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Miles Morales Swings Into a new age of Marvel, Spider-man: Into the Spider-Verse a film review

Written by Alex Frost

If you haven’t already heard of Spider-man: Into the Spider-Verse (directed by Bob Persichetti, Peter Ramsey, and Rodney Rothman) through word of mouth, you might of heard about it due to the plethora of ‘prestigious’ awards its gone on to win, some of them being: the Golden Globe’s Best Animated Feature Film; the BAFTA Award’s Best Animated Film, and the Academy Award’s Best Animated Feature. These are just to name a few, that’s not even accounting for the accolades it achieved with the smaller awarding bodies. Even with that information, If you’re the type of person who doesn’t put much merit in awards and what-not, don’t worry I’ve got your back! If you’re still wondering if Spider-man: Into the Spider-Verse is a good film… I’m here to tell you why it is, in fact, a film worth watching. Also talking about why the film holds a place in the hearts of so many – especially people of varying ethnic backgrounds.

Spider-man: Into the Spider-Verse tells the central story of Miles Morales (Shameik Moore), a biracial teenaged graffiti artist, becoming Spiderman after he is bitten by a radioactive spider. If you’re confused by this because you thought Peter Parker was Spiderman, don’t be you’re not wrong – this isn’t the typical Peter Parker story. Spider-man: Into the Spider-Verse toys with the idea of a multiverse by plunging multiple different ‘Spider-people’ (as it is acknowledged in the film) into one story – Peter (B.) Parker (Jake Johnson) is also among the characters but instead of the spry Spiderman we know he’s a down-on-his-luck couch potato from an alternate world. The main protagonist, Miles Morales, is also considered one of these ‘spider-people’. Miles must help these ‘spider-people’ figure out who/what tore them from their worlds and return them to their respective dimensions. The plot itself is (surprisingly) straightforward even when dealing with the concept of a multiverse; the plot doesn’t get caught up in the science of a multiverse and instead focuses on a straightforward return-them-home narrative. I think it is with this straightforward plot that the film can hit you with its fantastic characters.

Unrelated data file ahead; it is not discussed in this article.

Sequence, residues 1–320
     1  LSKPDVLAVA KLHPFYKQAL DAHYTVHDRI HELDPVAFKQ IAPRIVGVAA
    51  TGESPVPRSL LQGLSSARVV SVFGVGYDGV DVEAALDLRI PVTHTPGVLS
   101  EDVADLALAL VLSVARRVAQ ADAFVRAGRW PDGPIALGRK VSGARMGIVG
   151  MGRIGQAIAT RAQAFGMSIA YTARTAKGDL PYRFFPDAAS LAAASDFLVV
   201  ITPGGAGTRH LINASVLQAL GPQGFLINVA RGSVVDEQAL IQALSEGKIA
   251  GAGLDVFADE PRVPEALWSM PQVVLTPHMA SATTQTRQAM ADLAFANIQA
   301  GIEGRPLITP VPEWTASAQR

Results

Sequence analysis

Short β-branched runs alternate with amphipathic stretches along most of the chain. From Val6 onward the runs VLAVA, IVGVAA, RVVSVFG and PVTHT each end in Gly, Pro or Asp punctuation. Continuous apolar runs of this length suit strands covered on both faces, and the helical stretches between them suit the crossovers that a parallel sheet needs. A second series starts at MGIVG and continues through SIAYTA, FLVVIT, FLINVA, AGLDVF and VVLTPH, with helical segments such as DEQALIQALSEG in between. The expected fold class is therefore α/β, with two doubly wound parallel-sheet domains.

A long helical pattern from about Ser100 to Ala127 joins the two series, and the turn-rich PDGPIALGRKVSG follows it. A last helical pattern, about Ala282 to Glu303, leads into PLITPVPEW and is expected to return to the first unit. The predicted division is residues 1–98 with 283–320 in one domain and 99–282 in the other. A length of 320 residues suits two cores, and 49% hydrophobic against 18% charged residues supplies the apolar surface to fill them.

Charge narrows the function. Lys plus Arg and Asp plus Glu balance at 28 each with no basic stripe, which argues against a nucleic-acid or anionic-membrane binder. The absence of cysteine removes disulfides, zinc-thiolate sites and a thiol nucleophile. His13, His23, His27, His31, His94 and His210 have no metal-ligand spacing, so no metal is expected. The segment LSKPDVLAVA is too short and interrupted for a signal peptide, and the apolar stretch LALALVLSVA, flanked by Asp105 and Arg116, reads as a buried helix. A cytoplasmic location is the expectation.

Miles is inevitably the films roundest and most sound character all thanks to a solid performance by Shameik Moore – and a well-written script. Moore does an excellent job of portraying the full range of Miles’ emotions from his anxiety of becoming Spiderman to his wonder and excitement of being a fresh-faced hero. The supporting cast also shines through in Spider-man: Into the Spider-Verse. Brian Henry who plays Miles’ father, keenly stood out to me; the way he interacts with the character of Miles feels so lifelike and allows for some impactful dialogue. The miscommunication between Miles and his father was engaging to watch, and Miles’ father grounded the plot in an otherwise bizarre plot surrounding a multi-verse. The only critique I have is I wished to see more interaction between Miles’ uncle (Mahershala Ali) and himself – as he plays heavily into the plot. The interactions between Miles and his uncle, whilst few, help to establish a genuine background for Miles. The voice acting for the cast does not feel under par for an animated film – the quality holds up throughout.